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Puzzled

How many people does it take to say that the gender inbalance in SF outlets is a problem before it's seriously acknowledged, and accepted, as a problem?

Reasons, blame, motives, agenda, solutions and reason aside.

When is it allowed to be just ... an issue?

When will we be able to get past that discussion and start looking deeper at the more interesting aspects of it?


Comments

angriest
Jan. 12th, 2009 02:44 am (UTC)
No, not ironic at all. When the patriarchy is structural rather than intentional, those in the priveleged position won't recognise that it's there as a rule. "I'm a man, and I don't act in a sexist fashion," we will say, when of course we don't have to - the system does it for us.

Not that I need to tell anyone in this thread any of this. I think we're all pretty educated on how this stuff happens and works (or doesn't, as the case may be).
cassiphone
Jan. 12th, 2009 03:10 am (UTC)
*hugs* see I shouldn't be giving you extra credit for being a bloke saying this stuff right now, but I totally am. You give me faith that it won't always be an uphill struggle.

And what makes me sad is how many people should be educated to think this way, and aren't. Like, otherwise really smart people who are so busy shouting "but I'm not sexist" they can't hear any of the rest of the dialogue.

Or, my other favourite one "it should be all about the art, not the gender of the person creating it!" Which, you know, is just fine if gender in no way impinges on your ability to get your art seen and heard, but many of us don't have that luxury.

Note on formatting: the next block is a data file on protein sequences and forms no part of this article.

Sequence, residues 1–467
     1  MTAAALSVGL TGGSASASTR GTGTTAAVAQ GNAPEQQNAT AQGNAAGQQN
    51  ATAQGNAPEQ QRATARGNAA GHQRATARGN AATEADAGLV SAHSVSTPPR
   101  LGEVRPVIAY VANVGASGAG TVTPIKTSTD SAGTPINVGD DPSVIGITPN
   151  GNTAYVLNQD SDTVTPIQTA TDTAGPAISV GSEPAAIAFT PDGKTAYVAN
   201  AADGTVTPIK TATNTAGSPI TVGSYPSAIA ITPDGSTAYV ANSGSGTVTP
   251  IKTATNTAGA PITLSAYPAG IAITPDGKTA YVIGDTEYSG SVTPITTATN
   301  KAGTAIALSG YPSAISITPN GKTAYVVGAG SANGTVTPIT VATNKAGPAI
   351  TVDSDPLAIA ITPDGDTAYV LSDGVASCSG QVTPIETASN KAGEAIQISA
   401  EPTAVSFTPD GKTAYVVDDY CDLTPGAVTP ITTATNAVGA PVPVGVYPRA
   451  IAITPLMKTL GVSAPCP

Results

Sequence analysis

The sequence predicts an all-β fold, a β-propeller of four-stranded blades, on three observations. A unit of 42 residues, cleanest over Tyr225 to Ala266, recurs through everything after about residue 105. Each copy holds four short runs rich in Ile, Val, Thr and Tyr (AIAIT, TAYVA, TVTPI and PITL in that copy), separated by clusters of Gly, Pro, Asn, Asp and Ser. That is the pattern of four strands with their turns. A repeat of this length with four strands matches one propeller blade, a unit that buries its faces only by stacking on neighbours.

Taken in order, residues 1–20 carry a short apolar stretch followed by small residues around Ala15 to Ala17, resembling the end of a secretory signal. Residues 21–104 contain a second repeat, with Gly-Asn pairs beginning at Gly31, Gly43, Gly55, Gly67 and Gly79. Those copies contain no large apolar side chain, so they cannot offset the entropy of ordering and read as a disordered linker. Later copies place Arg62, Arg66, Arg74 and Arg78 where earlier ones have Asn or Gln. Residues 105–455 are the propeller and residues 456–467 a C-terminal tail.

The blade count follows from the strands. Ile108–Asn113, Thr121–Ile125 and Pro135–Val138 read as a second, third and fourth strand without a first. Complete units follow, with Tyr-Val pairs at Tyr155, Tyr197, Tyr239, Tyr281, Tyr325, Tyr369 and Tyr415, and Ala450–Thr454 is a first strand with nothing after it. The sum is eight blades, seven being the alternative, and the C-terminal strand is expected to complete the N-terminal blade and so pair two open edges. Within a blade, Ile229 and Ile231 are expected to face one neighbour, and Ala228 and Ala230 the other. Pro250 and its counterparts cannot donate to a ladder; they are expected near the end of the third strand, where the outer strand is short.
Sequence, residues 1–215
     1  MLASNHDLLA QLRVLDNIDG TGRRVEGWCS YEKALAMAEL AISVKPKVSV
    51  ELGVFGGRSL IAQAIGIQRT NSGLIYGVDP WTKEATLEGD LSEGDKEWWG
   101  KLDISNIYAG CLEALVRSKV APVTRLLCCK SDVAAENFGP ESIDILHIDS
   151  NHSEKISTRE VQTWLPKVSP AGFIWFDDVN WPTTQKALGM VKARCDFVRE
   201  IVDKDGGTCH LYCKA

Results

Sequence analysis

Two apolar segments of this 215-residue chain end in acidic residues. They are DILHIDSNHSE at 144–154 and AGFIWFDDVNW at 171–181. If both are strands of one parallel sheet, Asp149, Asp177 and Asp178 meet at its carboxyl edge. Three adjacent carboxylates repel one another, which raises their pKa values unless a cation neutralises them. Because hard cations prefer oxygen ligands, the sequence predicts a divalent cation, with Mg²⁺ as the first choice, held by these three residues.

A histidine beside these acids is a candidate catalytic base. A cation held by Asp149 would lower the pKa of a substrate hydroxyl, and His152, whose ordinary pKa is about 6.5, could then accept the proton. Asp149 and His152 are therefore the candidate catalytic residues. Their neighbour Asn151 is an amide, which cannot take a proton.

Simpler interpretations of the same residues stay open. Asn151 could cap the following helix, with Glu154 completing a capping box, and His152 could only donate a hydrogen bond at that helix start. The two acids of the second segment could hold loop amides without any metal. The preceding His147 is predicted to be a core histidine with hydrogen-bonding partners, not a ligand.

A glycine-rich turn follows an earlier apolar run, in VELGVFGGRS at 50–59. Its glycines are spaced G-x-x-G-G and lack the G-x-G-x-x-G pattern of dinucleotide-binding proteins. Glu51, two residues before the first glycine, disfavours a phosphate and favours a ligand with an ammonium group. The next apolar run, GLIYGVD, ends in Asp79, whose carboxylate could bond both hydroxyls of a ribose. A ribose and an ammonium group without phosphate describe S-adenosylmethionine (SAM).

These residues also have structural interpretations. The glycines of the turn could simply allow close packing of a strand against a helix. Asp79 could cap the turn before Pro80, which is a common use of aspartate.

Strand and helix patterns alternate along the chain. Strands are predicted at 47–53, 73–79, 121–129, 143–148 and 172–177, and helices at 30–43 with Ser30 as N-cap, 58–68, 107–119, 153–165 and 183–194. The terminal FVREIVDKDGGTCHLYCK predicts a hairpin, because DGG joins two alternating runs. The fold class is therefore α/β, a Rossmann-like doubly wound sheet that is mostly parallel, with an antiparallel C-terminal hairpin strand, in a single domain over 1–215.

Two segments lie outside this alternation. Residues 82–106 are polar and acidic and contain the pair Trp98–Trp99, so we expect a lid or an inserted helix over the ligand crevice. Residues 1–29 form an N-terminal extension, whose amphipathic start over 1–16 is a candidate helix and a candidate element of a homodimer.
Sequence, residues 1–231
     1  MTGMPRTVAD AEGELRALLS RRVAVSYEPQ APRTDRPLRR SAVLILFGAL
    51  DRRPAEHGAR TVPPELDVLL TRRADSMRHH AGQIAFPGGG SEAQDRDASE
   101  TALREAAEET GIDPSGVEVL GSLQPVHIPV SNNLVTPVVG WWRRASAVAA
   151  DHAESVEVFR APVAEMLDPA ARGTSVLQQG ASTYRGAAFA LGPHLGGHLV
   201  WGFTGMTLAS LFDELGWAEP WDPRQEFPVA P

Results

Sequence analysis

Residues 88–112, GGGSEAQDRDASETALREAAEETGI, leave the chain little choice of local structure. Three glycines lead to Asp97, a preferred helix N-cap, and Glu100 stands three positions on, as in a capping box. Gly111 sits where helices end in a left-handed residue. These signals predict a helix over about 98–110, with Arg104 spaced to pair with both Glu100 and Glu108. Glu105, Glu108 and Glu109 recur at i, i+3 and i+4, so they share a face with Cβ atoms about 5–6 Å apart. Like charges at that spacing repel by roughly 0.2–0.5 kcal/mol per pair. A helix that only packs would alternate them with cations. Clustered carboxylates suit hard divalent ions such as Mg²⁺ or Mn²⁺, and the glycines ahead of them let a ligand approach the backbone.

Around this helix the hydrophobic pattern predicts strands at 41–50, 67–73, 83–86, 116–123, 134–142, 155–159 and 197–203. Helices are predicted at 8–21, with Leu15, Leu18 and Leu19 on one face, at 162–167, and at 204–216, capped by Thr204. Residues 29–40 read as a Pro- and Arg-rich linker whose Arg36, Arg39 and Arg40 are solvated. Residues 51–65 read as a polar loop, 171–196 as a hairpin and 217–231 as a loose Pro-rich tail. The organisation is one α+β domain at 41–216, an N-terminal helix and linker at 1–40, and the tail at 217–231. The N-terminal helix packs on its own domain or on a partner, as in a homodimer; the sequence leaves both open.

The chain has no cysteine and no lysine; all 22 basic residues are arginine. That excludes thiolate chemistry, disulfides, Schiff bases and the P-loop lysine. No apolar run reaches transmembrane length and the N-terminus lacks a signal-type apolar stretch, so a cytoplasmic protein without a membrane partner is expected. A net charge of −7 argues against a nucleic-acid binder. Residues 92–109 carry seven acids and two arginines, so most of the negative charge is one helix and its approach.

angriest
Jan. 12th, 2009 03:14 am (UTC)
No, no. Give me the extra credit - I crave all the privilege I can get. : )

The idea of "it's about art, not gender" is based on the assumption that one's gender never influences the art.
cassiphone
Jan. 12th, 2009 03:25 am (UTC)
Oh, you're good. :D
girliejones
Jan. 12th, 2009 04:23 am (UTC)
or one's appreciation of art is not influenced by one's gender
callistra
Jan. 12th, 2009 03:15 am (UTC)
angriest is pretty awesome
:)
pecunium
Jan. 13th, 2009 03:56 am (UTC)
I have (at the risk of damaging my shoulder) that problem in reverse. When I say something which seems perfectly rational to me, I get the, "OMG, you are so wonderful/enlightened/etc.) and I don't get it.

It seems things like equal pay for equal work, etc., just ought to be.

But (and this is a strange bit of privilege, I think) it seems I am wrong, and not just is the system tilted wrong (which the protesting of makes me seem special, which seems to me ought ought to be something which wasn't so rare as it appears to be), but that a huge number of men don't get it.

Which saddens me. It explains why the fight is so hard, it's not just reactionary types, but regular joes who can't get their head around the idea there is both privilege, and problems as a result of it.

Even more depressing to think on how much better it is, than it was.
cassiphone
Jan. 13th, 2009 09:23 am (UTC)
These things are so true. I actually think it's an awful thing that we are still so grateful to find men who just 'get it' without it being explained to them (or being repeatedly beaten over the head by "How to Suppress Women's Writing" and other supporting texts).

But we are grateful. Because we don't take it for granted. And too many times we've had to deal with intelligent, educated, otherwise thoroughly sensible men, who are not remotely sympathetic.

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